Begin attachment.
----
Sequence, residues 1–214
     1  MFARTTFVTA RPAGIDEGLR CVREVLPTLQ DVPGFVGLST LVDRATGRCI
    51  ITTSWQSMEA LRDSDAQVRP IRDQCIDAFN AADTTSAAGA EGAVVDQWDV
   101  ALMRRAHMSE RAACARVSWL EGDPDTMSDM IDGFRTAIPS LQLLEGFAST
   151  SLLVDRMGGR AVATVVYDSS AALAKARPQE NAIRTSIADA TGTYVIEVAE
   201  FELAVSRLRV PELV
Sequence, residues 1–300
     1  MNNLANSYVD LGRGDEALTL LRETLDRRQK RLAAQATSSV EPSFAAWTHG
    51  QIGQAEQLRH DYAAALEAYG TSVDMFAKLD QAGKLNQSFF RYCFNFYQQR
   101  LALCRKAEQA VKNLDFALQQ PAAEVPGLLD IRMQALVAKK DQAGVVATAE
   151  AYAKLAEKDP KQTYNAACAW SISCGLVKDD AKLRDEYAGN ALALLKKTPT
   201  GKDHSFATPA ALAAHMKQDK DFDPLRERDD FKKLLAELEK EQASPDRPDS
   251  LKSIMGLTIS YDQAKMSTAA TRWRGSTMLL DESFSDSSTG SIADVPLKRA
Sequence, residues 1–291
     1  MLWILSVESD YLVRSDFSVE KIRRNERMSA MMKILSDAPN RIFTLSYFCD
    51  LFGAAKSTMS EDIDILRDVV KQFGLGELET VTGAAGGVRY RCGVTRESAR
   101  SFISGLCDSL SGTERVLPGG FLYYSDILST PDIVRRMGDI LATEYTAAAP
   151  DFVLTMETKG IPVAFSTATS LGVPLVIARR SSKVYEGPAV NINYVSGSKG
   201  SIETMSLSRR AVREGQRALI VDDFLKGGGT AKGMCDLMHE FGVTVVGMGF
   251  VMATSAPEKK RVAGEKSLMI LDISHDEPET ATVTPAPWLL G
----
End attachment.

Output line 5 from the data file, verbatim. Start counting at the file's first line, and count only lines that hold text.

   151  SLLVDRMGGR AVATVVYDSS AALAKARPQE NAIRTSIADA TGTYVIEVAE